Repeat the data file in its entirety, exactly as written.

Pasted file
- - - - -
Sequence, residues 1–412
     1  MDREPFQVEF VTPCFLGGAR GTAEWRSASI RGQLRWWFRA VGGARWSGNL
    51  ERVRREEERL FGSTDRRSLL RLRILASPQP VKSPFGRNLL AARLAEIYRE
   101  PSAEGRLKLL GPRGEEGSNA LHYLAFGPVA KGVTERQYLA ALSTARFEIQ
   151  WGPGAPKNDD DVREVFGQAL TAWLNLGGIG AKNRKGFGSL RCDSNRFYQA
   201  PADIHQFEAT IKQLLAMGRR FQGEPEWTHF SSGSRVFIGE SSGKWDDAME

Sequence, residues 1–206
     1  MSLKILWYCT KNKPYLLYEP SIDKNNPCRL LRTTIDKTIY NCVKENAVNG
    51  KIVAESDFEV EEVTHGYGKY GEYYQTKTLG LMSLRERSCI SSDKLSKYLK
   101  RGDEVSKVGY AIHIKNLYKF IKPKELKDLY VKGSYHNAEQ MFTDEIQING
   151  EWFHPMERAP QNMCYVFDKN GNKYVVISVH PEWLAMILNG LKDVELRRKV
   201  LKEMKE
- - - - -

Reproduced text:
Sequence, residues 1–412
     1  MDREPFQVEF VTPCFLGGAR GTAEWRSASI RGQLRWWFRA VGGARWSGNL
    51  ERVRREEERL FGSTDRRSLL RLRILASPQP VKSPFGRNLL AARLAEIYRE
   101  PSAEGRLKLL GPRGEEGSNA LHYLAFGPVA KGVTERQYLA ALSTARFEIQ
   151  WGPGAPKNDD DVREVFGQAL TAWLNLGGIG AKNRKGFGSL RCDSNRFYQA
   201  PADIHQFEAT IKQLLAMGRR FQGEPEWTHF SSGSRVFIGE SSGKWDDAME

Sequence, residues 1–206
     1  MSLKILWYCT KNKPYLLYEP SIDKNNPCRL LRTTIDKTIY NCVKENAVNG
    51  KIVAESDFEV EEVTHGYGKY GEYYQTKTLG LMSLRERSCI SSDKLSKYLK
   101  RGDEVSKVGY AIHIKNLYKF IKPKELKDLY VKGSYHNAEQ MFTDEIQING
   151  EWFHPMERAP QNMCYVFDKN GNKYVVISVH PEWLAMILNG LKDVELRRKV
   201  LKEMKE